The people who work for a company can make or break it. Your HR team probably spent a lot of time and money to find the best people to work for you. So, it’s not too much to hope that these highly qualified employees will continue to contribute to the long-term success of the organisation.
Here’s the bad news. Skills and experience don’t always mean that an employee will do a great job. To keep up a high level of employee performance, the workplace culture and how engaged employees are are very important.
Employees who aren’t interested in their work will only do the bare minimum to complete their responsibilities. Also, the mix of beliefs, values, and rituals that make up workplace culture affects how engaged employees are and, in the end, how well they do their jobs.
5 Steps to Increase Employee Engagement and Improve Performance
A lot of what motivates an employee to work harder is how the job is set up, how the employee is recognised, and what kind of growth opportunities are available within the organisation. Effective employee engagement is built on all three of these factors. On the other hand, hygiene factors have to do with work conditions, company policies, professional relationships within the organisation, and how employees are paid. These are all important things to think about when trying to create a strong and positive workplace culture.
To take employee performance to the next level, you really need to start with positive workplace culture. But a strong employee engagement strategy should come from having the right culture at work.
So, it would be silly to talk about ways to improve employee performance without talking about both employee engagement and the culture of the workplace. Hygiene factors are like cards stacked on top of each other. They are the base on which a successful employee engagement strategy is built.
Motivating employees is at the heart of a lot of the things that are done to get them more engaged. Several things can affect how motivated an employee is. Here are a few steps to get employees more willing to engage in their jobs.
Step 1 – Assign Everyone Their Appropriate Role
Again, ensure that the proper employees are on the bus and that they have the right roles. This implies that all talent acquisition and retention initiatives must be linked with achieving the organization’s objectives.
Step 2 – Provide Training
No manager or leader can develop a culture of trust and responsibility, much alone increasing engagement if the team is not set up for success. This involves giving the appropriate training and growth, as well as eliminating any obstacles.
Step 3 – Task Meaningful Work
Engaged employees do meaningful work and have a clear awareness of how they contribute to the mission, purpose, and strategic goals of the organisation. Again, this is why they must first be assigned the appropriate position.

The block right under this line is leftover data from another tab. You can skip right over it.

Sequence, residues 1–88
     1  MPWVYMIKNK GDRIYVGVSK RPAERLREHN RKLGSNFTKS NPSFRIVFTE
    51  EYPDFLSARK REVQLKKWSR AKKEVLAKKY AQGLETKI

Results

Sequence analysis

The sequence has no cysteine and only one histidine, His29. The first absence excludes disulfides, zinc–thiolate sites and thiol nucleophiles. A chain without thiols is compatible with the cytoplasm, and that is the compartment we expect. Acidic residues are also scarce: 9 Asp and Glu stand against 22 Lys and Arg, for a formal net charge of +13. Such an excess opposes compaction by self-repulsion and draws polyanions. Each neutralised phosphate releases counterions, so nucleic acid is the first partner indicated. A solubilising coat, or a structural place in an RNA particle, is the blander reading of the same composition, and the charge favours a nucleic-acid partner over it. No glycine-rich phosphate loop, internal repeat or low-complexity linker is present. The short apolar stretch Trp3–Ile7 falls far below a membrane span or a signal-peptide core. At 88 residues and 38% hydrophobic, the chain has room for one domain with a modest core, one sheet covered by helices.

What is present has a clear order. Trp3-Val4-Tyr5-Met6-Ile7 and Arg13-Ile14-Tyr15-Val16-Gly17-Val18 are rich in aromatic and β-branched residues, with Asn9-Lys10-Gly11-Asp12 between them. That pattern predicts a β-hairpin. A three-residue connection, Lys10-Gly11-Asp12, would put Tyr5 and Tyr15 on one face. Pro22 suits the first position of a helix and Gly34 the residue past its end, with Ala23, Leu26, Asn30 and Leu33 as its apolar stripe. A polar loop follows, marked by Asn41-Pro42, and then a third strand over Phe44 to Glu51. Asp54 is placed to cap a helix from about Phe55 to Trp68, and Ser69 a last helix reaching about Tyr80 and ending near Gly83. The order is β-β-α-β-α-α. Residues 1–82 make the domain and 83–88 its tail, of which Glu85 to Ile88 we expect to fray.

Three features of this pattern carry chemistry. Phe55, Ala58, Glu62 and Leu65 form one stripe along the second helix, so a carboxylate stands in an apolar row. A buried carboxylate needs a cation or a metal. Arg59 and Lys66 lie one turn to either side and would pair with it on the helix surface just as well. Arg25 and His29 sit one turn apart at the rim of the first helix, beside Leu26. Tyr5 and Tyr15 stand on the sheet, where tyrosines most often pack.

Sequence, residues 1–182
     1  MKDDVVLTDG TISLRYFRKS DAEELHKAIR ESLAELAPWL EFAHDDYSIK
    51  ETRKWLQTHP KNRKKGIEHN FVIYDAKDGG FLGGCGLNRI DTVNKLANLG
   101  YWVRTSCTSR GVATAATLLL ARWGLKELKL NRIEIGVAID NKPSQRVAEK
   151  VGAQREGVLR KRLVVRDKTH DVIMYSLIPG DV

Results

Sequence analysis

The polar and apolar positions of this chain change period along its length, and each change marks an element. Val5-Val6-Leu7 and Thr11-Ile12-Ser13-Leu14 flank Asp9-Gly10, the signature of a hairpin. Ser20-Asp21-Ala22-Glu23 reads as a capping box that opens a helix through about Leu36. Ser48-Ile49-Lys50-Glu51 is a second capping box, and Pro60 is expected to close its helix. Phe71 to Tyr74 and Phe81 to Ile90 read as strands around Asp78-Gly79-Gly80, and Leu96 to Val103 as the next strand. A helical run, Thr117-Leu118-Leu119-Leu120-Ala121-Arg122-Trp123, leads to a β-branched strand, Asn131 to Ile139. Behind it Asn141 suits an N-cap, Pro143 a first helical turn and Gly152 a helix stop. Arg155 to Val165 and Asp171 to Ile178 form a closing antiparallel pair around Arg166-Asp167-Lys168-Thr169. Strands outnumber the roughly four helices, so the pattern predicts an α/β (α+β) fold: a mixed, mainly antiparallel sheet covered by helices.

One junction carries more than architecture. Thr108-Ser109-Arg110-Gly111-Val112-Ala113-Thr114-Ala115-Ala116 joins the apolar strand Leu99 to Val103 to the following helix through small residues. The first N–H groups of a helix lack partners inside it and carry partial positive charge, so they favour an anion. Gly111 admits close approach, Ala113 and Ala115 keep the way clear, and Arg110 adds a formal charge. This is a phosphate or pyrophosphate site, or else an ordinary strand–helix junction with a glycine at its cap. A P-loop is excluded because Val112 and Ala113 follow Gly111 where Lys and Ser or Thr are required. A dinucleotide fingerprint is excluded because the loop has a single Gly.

Step 4 – Check in Often
The days of offering feedback just via mid-year evaluations are long gone. The modern workforce demands frequent feedback, which leads to faster course correction and waste reduction. Utilize both formal and casual check-in strategies every week.
Step 5 – Discuss Engagement Regularly
Successful managers are upfront in their approach to increasing employee engagement; they discuss it often with their teams. They conduct “state of engagement” meetings and “engage” all employees in the conversation — and solutions.
Your business will only do well if your employees always do their best work. Continuous training and development should be done so that employees feel like their growth is important to the company. When training and development programmes focus on each employee’s training and growth needs and how they fit into the organization’s overall needs, engagement goes up and the company culture gets better.
But improving the performance of employees doesn’t end there. Your company should invest in software for employee engagement and use it to keep track of how engaged employees are. With the help of this software’s metrics, managers will be able to make decisions based on data that will improve employee engagement.
Lastly, a positive workplace culture should help improve employee engagement. This kind of culture can be created by:
- Using feedback from employees
- Fair compensation
- Clear, consistent communication
These concepts are not difficult, but they must be prioritised. Companies that master this will generate larger financial returns, outperform their competitors, and quickly go to the top of lists of the greatest places to work!